Vintage knitting

At the last meeting of our Spinning Group it was proposed that we take up the challenge of knitting an item from a vintage pattern.  Christine, our President, had a heap of patterns which she had collected over time and put them on the table for us to browse through.  There was much discussion as to what we thought we could knit and recollections of past projects.  Then Janet picked up a pattern which brought a huge smile to her face.  It was one of a dress that her mother knitted her in white with red smocking when she was about six years old.  “That’s what I’m going to knit” said Janet.  It will be great to see the result.

I haven’t decided what I’m going to knit yet but I did spot a pattern for a lacy pair of gloves like I used wear on special occasions when I was about 18.  Who wears gloves now!

 

Beetroot superfood truffles

Just before Christmas I went to a cooking demonstration of vegan recipes and one which took my fancy was for beetroot truffles, which sounds a bit odd I know, but when I tasted them they really were good so thought I would share the recipe with you.  The recipe is courtesy of http://www.lovebeetroot.co.uk and reads as follows:

Feel good about your next indulgence with these beetroot superfood truffles.
They contain no dairy or refined sugar, and thanks to the addition of beetroot and avocado, practically offer up two of your five a day too.
They’re a perfectly moreish snack when you’re trying to eat well but still want an afternoon sweet.

Serves: 12     Prep time: 15 minutes plus 1hr chilling     
You’ll need
* 1 large ready cooked (vacuum pack) beetroot
* 1 large ripe avocado, peeled
* ¼ tsp vanilla extract
* 3 tbsp pure maple syrup
* 100g unsweetened cocoa powder plus extra for dusting
* Desiccated coconut for dusting

Method
1. Put the beetroot, avocado, vanilla extract, maple syrup and half of the cacao powder into a  blender or food processor. Process until well combined.
2. Add the remaining cocoa powder to the blender and again process until well combined. Transfer the chocolate mixture to a small bowl. Cover and refrigerate for at least an hour.
3. Once chilled, scoop tablespoon-sized portions of the mixture. Roll in your palms to form balls – the mixture will be slightly sticky but should form balls easily.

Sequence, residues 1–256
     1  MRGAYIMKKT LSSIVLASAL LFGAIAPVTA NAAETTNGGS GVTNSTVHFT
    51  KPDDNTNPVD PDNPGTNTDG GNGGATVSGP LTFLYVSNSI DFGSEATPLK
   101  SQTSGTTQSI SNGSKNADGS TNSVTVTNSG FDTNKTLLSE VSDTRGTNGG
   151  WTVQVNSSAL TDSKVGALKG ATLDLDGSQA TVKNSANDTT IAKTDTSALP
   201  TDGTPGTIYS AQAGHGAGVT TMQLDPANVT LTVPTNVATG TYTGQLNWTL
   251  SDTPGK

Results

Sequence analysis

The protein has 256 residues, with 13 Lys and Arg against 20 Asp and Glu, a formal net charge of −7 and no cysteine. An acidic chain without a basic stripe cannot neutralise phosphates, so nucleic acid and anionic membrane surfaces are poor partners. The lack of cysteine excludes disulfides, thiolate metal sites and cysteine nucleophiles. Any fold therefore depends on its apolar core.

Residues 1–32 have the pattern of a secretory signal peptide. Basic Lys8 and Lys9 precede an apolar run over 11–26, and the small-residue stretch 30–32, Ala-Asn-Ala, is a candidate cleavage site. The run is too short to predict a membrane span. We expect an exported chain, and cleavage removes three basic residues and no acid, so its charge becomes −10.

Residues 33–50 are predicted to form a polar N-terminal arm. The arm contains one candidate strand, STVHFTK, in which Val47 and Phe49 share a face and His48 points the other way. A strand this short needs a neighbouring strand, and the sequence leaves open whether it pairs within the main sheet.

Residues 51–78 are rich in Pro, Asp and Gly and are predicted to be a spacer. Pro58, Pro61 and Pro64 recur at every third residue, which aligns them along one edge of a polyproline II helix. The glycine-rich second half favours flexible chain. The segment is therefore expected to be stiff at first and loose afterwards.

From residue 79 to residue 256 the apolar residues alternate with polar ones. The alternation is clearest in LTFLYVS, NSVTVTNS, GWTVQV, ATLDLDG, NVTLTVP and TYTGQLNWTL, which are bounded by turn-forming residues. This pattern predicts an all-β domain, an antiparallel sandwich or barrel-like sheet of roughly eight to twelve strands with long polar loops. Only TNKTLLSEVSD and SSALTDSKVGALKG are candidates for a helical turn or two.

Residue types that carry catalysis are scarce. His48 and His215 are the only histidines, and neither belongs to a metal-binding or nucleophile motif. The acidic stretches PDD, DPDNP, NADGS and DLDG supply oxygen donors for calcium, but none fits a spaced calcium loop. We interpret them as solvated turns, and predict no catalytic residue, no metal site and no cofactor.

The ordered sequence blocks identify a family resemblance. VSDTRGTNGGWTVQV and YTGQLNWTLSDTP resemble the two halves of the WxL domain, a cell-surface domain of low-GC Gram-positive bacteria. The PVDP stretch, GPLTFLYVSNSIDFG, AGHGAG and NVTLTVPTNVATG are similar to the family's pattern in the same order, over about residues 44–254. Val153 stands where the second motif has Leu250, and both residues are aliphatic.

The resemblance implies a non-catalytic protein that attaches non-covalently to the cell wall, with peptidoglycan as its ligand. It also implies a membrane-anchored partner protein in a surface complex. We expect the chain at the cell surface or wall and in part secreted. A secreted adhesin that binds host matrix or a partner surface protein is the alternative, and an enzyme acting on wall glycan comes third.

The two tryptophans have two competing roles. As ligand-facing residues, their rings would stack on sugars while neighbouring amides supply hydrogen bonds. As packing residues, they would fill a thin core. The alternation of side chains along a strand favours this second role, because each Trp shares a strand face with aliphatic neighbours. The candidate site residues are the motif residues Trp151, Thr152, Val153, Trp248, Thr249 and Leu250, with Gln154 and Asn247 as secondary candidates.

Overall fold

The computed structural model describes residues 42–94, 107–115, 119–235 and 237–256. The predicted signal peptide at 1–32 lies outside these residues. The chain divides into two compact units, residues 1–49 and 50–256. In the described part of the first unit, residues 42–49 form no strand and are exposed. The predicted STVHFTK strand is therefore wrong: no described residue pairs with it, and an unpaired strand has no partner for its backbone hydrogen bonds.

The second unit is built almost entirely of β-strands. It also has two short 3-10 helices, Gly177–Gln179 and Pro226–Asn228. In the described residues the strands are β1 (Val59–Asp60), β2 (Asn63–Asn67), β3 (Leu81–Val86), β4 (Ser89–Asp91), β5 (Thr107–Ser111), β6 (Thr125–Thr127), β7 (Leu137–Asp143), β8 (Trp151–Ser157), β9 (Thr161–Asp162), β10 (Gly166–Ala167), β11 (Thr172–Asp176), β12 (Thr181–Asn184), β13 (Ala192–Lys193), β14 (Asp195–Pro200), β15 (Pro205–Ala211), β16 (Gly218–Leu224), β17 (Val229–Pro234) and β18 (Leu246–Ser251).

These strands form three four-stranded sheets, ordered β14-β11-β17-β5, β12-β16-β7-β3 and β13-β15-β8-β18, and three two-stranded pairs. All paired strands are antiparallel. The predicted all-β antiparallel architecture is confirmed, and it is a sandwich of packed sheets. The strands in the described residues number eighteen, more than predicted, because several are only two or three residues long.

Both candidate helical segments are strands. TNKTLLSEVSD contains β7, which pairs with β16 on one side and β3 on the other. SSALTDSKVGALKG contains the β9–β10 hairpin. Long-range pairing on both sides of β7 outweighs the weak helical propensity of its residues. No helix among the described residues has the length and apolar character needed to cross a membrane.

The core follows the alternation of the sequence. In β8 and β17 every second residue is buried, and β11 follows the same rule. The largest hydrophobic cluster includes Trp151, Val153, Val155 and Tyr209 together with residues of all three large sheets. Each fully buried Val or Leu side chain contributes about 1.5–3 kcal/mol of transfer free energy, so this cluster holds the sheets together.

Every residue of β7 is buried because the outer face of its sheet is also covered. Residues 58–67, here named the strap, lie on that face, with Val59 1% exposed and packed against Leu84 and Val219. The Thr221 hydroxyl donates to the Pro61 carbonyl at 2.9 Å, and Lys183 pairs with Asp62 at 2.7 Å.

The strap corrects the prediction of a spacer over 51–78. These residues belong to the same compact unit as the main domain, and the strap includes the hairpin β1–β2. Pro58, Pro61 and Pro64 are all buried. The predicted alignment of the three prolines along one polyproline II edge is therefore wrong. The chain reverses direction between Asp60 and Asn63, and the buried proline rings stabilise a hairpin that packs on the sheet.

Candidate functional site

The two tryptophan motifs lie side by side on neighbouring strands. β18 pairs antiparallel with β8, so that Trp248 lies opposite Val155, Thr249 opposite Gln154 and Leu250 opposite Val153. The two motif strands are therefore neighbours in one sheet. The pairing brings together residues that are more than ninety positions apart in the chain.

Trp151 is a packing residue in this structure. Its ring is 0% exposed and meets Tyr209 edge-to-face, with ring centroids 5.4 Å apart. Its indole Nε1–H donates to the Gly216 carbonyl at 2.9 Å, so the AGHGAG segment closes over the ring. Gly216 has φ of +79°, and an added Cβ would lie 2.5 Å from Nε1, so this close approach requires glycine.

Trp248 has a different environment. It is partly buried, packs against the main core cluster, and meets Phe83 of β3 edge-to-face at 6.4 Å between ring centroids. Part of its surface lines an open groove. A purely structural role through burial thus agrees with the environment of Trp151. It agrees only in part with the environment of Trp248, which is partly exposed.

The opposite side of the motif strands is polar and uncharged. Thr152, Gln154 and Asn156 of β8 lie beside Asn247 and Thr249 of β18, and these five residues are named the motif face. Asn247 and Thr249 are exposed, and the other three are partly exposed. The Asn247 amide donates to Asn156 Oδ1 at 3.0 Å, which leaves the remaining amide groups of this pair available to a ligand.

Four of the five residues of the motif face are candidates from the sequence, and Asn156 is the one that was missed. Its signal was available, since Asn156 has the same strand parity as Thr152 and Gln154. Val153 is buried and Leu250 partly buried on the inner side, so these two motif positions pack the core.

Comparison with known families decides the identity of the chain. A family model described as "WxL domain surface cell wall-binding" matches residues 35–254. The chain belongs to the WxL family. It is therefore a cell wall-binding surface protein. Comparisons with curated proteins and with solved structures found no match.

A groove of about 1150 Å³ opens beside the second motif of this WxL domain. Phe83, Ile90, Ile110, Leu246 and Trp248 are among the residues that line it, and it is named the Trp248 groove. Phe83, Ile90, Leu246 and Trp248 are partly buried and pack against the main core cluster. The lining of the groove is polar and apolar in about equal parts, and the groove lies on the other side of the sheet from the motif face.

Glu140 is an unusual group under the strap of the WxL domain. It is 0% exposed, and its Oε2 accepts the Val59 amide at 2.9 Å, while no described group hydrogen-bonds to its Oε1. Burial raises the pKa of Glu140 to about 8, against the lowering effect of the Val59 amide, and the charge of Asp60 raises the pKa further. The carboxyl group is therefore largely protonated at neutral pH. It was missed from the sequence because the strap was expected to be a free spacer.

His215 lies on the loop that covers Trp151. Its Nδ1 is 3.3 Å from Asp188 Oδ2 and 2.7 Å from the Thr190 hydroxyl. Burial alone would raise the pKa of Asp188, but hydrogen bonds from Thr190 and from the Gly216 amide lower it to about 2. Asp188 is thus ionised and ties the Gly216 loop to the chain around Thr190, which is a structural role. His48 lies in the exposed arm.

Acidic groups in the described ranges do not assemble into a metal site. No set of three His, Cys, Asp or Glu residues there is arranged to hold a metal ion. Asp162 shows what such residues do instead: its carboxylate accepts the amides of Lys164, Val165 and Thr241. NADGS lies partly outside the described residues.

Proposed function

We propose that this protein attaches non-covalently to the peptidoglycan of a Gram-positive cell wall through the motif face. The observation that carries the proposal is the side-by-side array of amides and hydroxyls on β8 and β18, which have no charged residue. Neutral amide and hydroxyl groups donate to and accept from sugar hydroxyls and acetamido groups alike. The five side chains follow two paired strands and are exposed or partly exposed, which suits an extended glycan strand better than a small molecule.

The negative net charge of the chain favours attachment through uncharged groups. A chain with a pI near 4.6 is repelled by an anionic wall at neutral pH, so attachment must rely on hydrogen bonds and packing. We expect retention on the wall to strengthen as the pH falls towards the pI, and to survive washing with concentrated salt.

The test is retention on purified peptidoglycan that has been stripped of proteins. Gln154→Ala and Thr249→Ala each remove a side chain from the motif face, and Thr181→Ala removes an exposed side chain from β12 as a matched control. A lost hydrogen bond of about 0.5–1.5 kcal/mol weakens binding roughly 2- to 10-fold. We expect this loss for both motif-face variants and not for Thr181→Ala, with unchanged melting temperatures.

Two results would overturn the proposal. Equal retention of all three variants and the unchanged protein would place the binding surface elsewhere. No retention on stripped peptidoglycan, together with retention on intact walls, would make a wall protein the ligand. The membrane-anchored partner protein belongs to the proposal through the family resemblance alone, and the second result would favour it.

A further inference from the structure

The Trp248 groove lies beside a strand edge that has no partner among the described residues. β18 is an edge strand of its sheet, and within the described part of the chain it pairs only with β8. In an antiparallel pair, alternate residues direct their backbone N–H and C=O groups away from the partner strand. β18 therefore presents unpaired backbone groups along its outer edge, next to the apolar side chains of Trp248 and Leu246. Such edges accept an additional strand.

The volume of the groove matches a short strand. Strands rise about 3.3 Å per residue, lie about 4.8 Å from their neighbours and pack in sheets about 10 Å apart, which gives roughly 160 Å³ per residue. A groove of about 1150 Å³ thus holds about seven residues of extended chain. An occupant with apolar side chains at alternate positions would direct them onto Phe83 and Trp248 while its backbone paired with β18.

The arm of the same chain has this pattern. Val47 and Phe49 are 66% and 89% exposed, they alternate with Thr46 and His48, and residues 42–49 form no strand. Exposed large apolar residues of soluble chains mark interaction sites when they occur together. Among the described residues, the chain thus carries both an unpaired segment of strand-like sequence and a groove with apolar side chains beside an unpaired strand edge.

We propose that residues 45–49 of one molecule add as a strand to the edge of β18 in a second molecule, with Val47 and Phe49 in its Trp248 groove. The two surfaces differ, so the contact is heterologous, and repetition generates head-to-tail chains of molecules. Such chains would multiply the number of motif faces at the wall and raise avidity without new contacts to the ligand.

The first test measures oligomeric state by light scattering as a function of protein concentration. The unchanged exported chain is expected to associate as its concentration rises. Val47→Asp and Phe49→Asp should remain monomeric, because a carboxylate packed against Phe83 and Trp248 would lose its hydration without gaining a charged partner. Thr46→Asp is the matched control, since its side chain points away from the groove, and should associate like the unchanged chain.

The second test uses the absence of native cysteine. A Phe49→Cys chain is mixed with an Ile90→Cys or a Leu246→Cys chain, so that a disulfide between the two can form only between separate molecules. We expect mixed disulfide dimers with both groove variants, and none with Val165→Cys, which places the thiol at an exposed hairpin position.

4. Put some extra cocoa powder and desiccated coconut in a plate and roll the chocolate truffles around in one or the other to coat. 

 

Because it’s Valentine’s Day today here’s a beautiful hibiscus and an appropriate quote:   Happiness is ……… being with people you love.

 

Janice  

 

 

 

 

Resolutions, Wonderful Christmas present, An afternoon nap, Sunflowers, Roasted Cauliflower Recipe, A Jigsaw Puzzle Challenge

 

Hello everyone – Welcome to a New Year of Retire and Enjoy.  I took a short break from blogging over the Christmas period but am now back and ready to start catching up with you all.

First off what happened to my last year’s resolutions?  Did you make any?

I checked up on my last year resolutions and have to admit to some of them falling by the wayside very early on, like practicing the piano every day and completing a book about my alternative lifestyle.  The book has some draft chapters but the piano has been silent for quite a while.  Therefore, no New Year Resolutions for me, I’ll just try to catch up on those ones still outstanding.  Some of you may recall that at the beginning of 2016 I put forward the idea of a “to achieve list” which still seems a good idea so here’s the list again in case you missed it last time.

Break a bad habit
Learn a new skill
Do a good deed
Visit a new place
Read a difficult book
Write something important
Try a new food
Do something good for someone who cannot thank you
Take an important risk

My wonderful Christmas present

Now I know that not all my readers are interested in spinning but for those of you who are, I just have to share a couple of photos of the wheel and drum carder Ken bought me from Holland.  The wheel certainly isn’t traditional in appearance.  It’s named Bliss and is truly bliss to operate.  The carder is a Hero and has become my right hand for preparing wool to spin.  I love them both.

The Bliss comes in a ‘flat-pack’ and is really easy to assemble. It took Ken about 1½ hours to have it up and running.  The total price for buying both the wheel and the carder was less than the cost of a wheel here in Australia plus postage included.  Here’s a link to their site http://www.woolmakers.com.  I have searched YouTube for a demonstration video and the following is the best I can come up as the majority are not in English.

 

Do you ever take an afternoon nap?